Andaz Tavern Blends European and Japanese Flavors

This month marks one year since the opening of Toranomon Hills, as well as the Andaz Tokyo hotel, which occupies its top floors. To celebrate, the hotel's flagship restaurant, the Andaz Tavern, has unveiled a special anniversary menu that includes highlights of the last 12 months, as well as some new additions.

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Together with his sous chef Gregor Streun, chef de cuisine Gerhard Passrugger is recreating his childhood memories by way of food. Before designing a new dish, Passrugger draws it in his mind, letting himself be inspired by holiday travels through Europe with his parents. The Austrian chef especially remembers the flavors of Italy’s mediterranean coast and the hills coast of Tuscany. “Imagine sitting in the sun along the rocky coast in Tuscany, where in the glossing summer heat the sweet fragrant smell of herbs and blossoming wild fennel is in the air, with a salty breeze coming from the sea,” he says.

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For every dish, Passrugger and Streun are establishing an emotional connection, a world of flavors between refined European provincinal cuisine (the German term “landküche,” used by Passrugger, implies a certain down-to-earth attitude) and the best seasonal Japanese ingredients. Which, by the way, complies with the Andaz’s concept of using high quality local and regional materials for the interior decoration, furniture and tableware in each of its hotels.

In my opinion this culinary concept turns out best in the scallop dish with fennel pollen crust (the wild fennel pollen is hand picked in Tuscany) and sea urchin cream. Letting the delicious floral aroma of the pollen develop on your tongue, combined with the sweet, creamy roe of the sea urchin and you will forget that you are sitting on the 51st floor of a Tokyo skyscraper and not on a lush Tuscan hill under the shadow of a cypress grove.

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This is another area in which the Andaz Tavern succeeds. Yes, you might be sitting in a very upscale, luxurious hotel restaurant with sprawling views of Tokyo Bay and the city, but the atmosphere makes you feel at ease. “We want our guests to feel comfortable when they eat,” says Passrugger. “Ideally, our waiters detect the mood of our customers and finds out how they want to eat. And then, as a next step, offers tailormade service.” If a couple comes for a romantic date, for example, their server should suggest the menu de degustation. However, explains Passrugger, “when a bunch of seven or eight girls are having their girls’ night out, we might as well just put a big pot in the middle of the table for them to share and make the whole presentation more casual.”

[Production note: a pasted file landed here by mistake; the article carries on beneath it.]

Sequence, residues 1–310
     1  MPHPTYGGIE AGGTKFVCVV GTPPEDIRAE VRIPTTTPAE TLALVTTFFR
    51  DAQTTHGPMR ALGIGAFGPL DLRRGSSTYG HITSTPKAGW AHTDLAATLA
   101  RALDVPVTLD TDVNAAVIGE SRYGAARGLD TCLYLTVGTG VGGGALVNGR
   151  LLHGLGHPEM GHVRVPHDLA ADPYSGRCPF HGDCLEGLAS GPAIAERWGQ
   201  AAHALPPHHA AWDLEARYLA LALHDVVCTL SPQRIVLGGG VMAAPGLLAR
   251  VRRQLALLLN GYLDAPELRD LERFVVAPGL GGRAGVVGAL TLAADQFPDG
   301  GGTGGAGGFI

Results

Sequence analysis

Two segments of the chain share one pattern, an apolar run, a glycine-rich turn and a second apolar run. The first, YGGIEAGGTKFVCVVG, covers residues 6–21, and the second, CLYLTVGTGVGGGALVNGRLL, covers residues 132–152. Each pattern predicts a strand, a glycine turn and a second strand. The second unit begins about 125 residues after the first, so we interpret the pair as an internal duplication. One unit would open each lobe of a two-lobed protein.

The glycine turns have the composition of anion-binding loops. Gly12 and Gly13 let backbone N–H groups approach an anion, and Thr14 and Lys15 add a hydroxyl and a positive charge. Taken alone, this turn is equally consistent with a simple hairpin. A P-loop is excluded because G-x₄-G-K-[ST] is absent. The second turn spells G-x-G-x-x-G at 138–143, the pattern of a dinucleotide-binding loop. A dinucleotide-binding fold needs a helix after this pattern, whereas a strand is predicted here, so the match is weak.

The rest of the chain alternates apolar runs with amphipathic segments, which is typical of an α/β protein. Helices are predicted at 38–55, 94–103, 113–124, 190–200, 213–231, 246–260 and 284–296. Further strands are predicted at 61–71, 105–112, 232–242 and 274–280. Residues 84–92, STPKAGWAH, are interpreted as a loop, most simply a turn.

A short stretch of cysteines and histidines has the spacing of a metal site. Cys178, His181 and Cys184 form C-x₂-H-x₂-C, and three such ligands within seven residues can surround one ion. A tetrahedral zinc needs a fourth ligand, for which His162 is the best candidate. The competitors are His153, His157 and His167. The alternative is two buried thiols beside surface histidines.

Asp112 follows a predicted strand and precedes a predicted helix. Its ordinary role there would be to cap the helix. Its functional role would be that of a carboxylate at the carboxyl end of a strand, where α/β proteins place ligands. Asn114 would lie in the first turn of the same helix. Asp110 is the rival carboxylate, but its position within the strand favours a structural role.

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This idea of sharing a dish works especially well with the Yamanashi herb chicken and root vegetables, baked in a clay pot with sherry and sudachi (a Japanese citrus fruit). The tender young chicken is marinated with a layer of herb butter under the skin and is placed with root vegetables and lard into a Roman pot. The sherry poured over the chicken adds a distinct aroma to the dish, and a squeeze of sudachi replaces the lemon that would be used in the Mediterranean. The ancient method of cooking in a clay pot allows the dish to breathe, while the moisture is preserved.

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The dishes that make up the anniversary menu at the Andaz Tavern mix European and Japanese influences, but there is also another rule to which the chefs hold tight: always respect the seasons. “Japanese people are masters of seasonal cuisine, especially when it comes to seafood,” says Passrugger. Now is the best period for Spanish mackerel, but in two weeks’ time it will already be the season of a different fish. However, one dish is a regular on the menu: the lobster salad. In summer Passrugger and his team serve it with baby spinach, fennel and sundried tomatoes; in fall it comes with pumpkin and black truffles. “Lobster salad is something our guests expect to be on the menu. And we add our Andaz handwriting by adapting it to the seasons,” explains the chef.

Some new dishes also made it into the anniversary course menu, dishes exclusively developed for tailor-made dinners for private events, according to Passrugger. After all, that’s what the Andaz aims to do—to offer an unforgettable dinner in a casual, discrete atmosphere.

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The Deets

What: Andaz Tavern Anniversary Dinner Course

When: June 8–21, 6–10 p.m.

Where: Andaz Tokyo Toranomon Hills, 1-23-4, Toranomon, Minato-ku, Tokyo

How much: Four course menu ¥10,000, five course menu ¥12,000, six course menu ¥15,000 per person. All menus come with a complimentary glass of champagne.

Reservations: Bookings are required, and can be made online or by calling 03-6830-7739.

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